Jay Som - Anak Ko - Albums - Reviews - Soundblab

Jay Som - Anak Ko

by Tim Sentz Rating:8 Release Date:2019-08-23
Jay Som - Anak Ko
Jay Som - Anak Ko

At the tail end of 2016, Melina Mae Duterte was celebrating a successful debut album run with Turn Into, an album mostly comprised of singles she’d plucked from a bank of dozens and thrown together. At the time, she was a solo artist under the Jay Som moniker, but with her breakthrough sophomore record Everybody Works, she found herself in the spotlight, bringing a full band along as she toured with the likes of Mitski, Japanese Breakfast, and eventually opening for Foster the People and Paramore. 

What made Everybody Works such a benchmark dream-pop record was how incredibly personal it felt, every song was a testament to Duterte’s writing skills, and it all seemed to come directly from the heart. Two years later and the proper follow-up after a handful of singles and collaborations with Justus Proffit, and Anak Ko is here. As with her band name Jay Som (means “Victory Moon”, the album title means “my child” in Tagalog. It’s these nuances that invite you into Duterte’s world and gives you a sense of where she’s coming from on these magical trinkets she’s given us. 

Anak Ko is almost nothing like Everybody Works. Sure, there’s still the same hooky dream-pop, hazy at times, and belt worthy choruses. But over the last two years, Jay Som has grown from this DIY pop project to evolve into a force to be reckoned with on the indie circuit. But Everybody Works was a bold statement on purpose, whereas Anak Ko is keeping the tide low, and features Jay Som exploring new territory while melding it to the past. It’s a record about her placement in this world, and each of these poetic notions are a form of escapism. “Devotion” swirls and captivates us with a woozy center that just feels slightly unfinished but still rambunctious enough to not bother anyone. 

“Superbike” shares the most commonalities with her previous album, so much so that it could fit on that record easily. But even at first glance, these tracks seem like a rehash of Everybody Works, now that Jay Som has settled into a niche genre - those assumptions would be wrong. Lyrically this more endearing than Everybody Works, and when choruses like “Superbike” soar, there’s a tenderness to them that wasn’t present on previous works. In addition, Duterte opened the studio up for more collaborations, from Justus Proffit to Vagabon, Anak Ko feels like a breeze beach-chill, where friends gather to just enjoy each other’s company as the tide rolls in. “Nighttime Drive” is the most like this, with its serene outro, and violin strings giving off a soothing melody.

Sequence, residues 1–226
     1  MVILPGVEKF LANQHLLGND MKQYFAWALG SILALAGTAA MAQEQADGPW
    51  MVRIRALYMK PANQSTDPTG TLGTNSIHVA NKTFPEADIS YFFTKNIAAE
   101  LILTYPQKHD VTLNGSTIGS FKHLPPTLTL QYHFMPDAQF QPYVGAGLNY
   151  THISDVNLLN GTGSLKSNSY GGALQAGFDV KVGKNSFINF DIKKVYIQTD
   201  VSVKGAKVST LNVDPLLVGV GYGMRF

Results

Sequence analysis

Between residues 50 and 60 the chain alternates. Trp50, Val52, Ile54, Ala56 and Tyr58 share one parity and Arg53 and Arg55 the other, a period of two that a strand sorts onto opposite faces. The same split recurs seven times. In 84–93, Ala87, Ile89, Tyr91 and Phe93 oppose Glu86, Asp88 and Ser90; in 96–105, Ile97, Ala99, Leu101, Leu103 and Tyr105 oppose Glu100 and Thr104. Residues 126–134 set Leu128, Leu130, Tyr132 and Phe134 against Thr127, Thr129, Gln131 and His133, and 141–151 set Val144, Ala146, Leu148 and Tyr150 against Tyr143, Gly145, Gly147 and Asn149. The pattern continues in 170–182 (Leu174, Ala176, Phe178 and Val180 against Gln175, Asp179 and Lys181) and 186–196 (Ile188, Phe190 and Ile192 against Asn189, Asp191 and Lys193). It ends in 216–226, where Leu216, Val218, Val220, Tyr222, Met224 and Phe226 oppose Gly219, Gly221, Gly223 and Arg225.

Anak Ko is a more mature outing for Jay Som, and while it lacks the overall punchiness of Everybody Works, it’s still a remarkable collection of songs that don’t overstay their welcome and represent a growth spurt in Duterte’s songwriting. Even as the closer “Get Well” warms the soul with it’s twangy, country-fried aesthetic, it’s somber tone gives way to such a more accurate and raw depiction of its sole contributor. Duterte’s front and center with Anak Ko, unabashedly exposed, and ready to pushback on any criticisms you may have with her. It’s an introspective record and one that shows an artist completely in charge not only of her music but her emotions as well. 

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